In the aftermath of Superstorm Sandy, dozens of recovery groups were on the ground helping survivors get the relief and recovery assistance they needed to rebuild homes and restore their lives. Nearly five years after the storm, there remain four recovery groups with resources and funding to help the estimated three thousand homeowners who have not completed their recovery.
Working together makes sense, as each recovery group brings different skills and resources to the table. A Future With Hope, SBP, Inc. (formerly St. Bernards Project) and the Affordable Housing Alliance (AHA) working with the Episcopal Diocese of New Jersey work together as the Nonprofit Builders Group to help homeowners as far south as Cape May and as far north as Middlesex County.
The Robinhood Foundation has recognized the extraordinary commitment and cooperation of these organizations with a new grant to provide funding for an additional 55 families in need. Twice a month, representatives from these four nonprofit organizations meet to discuss ways to get another family back home.
“One of the single largest needs after a catastrophic storm like Sandy is secure housing,” said Bobbie Ridgely, Executive Director of A Future With Hope. “Our organization was started by The Greater New Jersey United Methodist Church for the purpose of repairing and rebuilding homes. We remain committed to that purpose because it’s what United Methodists do. When people hurt, we help.”
There are any number of reasons that the process for those who have not recovered has been difficult. Some have faced discrepancies with flood insurance companies. Some have struggled with state grant funding. Others have experienced contractor fraud. Together the Nonprofit Builders Group provides disaster case management, professional and volunteer labor to rehab or rebuild homes, specialized counselling to assist with financial needs and more.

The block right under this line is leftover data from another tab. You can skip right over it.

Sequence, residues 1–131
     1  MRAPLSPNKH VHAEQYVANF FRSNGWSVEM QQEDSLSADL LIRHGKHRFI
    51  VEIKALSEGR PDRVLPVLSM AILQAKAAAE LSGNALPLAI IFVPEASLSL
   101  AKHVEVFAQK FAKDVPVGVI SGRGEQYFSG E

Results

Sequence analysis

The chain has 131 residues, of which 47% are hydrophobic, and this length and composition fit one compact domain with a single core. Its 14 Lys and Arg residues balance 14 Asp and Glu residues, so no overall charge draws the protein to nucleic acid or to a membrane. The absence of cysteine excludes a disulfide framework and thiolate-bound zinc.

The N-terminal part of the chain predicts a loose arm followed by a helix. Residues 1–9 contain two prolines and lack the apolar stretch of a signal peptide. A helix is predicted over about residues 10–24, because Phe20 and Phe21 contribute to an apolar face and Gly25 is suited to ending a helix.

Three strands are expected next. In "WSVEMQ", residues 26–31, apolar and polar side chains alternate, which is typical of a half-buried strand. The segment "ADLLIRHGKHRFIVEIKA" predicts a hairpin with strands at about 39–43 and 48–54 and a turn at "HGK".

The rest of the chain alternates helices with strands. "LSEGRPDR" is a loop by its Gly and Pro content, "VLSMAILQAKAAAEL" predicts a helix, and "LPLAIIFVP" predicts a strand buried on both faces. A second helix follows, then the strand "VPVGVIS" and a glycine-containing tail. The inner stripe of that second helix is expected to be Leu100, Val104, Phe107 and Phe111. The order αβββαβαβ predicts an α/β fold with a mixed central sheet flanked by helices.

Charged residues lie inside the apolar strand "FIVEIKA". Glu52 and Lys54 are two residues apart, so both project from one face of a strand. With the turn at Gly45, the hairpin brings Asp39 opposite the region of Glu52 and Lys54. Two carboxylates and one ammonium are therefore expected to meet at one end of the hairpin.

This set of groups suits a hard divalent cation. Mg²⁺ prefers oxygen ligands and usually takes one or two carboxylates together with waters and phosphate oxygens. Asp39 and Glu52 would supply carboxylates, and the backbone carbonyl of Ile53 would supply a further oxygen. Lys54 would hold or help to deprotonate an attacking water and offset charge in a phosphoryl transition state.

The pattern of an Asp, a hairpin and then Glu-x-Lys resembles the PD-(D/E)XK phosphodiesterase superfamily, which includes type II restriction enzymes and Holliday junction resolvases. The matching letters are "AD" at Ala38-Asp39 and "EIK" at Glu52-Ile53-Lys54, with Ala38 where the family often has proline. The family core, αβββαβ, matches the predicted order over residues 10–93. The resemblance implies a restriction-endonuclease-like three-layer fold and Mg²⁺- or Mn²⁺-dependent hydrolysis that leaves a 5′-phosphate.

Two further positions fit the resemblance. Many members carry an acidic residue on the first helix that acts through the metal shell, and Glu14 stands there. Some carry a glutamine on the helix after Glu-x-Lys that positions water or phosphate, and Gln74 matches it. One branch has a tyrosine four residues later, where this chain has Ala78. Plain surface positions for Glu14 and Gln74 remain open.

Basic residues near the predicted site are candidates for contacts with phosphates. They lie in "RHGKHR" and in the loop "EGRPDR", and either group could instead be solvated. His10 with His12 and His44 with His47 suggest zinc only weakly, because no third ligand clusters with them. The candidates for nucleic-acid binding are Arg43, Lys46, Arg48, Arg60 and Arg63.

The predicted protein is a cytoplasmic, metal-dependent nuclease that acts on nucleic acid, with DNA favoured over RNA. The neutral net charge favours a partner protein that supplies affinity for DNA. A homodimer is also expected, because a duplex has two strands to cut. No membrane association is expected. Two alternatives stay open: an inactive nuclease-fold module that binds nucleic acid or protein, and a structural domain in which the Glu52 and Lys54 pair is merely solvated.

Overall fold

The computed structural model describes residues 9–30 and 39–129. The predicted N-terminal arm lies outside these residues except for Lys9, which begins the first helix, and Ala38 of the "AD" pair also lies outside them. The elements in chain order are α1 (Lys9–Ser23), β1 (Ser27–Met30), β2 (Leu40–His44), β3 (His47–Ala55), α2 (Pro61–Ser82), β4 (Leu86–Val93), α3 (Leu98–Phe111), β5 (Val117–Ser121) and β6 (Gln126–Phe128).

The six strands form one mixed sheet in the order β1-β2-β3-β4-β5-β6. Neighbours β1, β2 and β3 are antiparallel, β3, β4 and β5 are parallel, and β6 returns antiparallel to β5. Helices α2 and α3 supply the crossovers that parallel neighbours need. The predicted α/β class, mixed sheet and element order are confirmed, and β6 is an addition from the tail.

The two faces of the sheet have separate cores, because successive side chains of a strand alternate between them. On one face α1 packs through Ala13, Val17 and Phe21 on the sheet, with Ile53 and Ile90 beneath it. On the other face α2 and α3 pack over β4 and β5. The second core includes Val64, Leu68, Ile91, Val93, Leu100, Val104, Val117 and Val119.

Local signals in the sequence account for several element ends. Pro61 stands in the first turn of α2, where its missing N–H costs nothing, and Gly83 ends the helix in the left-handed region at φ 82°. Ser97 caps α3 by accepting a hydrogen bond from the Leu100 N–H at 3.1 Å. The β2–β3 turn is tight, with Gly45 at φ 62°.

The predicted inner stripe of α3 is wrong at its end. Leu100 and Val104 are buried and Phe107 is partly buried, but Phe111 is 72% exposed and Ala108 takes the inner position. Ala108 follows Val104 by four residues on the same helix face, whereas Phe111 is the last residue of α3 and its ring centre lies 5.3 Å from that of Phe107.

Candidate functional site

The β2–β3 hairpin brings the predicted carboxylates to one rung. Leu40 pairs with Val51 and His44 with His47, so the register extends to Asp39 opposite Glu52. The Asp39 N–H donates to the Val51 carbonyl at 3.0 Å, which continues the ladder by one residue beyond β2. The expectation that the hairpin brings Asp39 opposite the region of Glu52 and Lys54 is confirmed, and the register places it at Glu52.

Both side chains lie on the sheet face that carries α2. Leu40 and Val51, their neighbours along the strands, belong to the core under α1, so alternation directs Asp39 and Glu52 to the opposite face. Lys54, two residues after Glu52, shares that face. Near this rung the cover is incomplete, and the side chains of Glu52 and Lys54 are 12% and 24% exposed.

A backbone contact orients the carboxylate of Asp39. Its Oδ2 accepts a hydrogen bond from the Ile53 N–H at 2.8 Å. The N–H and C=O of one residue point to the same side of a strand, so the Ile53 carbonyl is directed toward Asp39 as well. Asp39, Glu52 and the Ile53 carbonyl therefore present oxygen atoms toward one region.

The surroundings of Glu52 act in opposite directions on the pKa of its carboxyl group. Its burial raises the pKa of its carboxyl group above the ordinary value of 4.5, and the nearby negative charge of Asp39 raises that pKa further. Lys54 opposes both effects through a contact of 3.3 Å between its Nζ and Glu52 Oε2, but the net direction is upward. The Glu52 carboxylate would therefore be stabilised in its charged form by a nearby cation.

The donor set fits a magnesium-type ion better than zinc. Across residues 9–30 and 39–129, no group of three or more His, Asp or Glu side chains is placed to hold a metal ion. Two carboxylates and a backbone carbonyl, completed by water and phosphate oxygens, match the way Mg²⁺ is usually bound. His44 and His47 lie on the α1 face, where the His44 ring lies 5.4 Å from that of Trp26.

The collective was recognized as the 2017 Innovative Program/Partnership of the year by The New Jersey Voluntary Organizations Active in Disaster (NJVOAD) Board for exceptional innovation and ingenuity through the development and implementation of a partnership that provides long-term solutions to communities.
“This is our mission, we help families find and keep the housing they can afford,” said Donna Blaze, CEO of the AHA. “We want our families back home in healthy neighborhoods in homes they can sustain. That is just what we do.”
At this stage of the recovery effort, homeowners in need of assistance are the most vulnerable. They have been living in unsafe or unfinished houses without heat or other utilities. They have been paying rent for an apartment for years while still maintaining their mortgage. They have spent their savings and borrowed against their future to replace a home that was owned, insured and loved before the storm.
Home owner cases are individually reviewed, whether it’s the need for a new porch in order to get the final Certificate of Occupancy, an assessment of shoddy workmanship from an unscrupulous contractor, or funding a financial the gap. Accepted cases are sponsored by one of the participating agencies within the collective.
Kevin McGee, Executive Director of SBP said, “We’re committed to recovering our community one family at a time because that is what it’s going to take to put Sandy behind us.”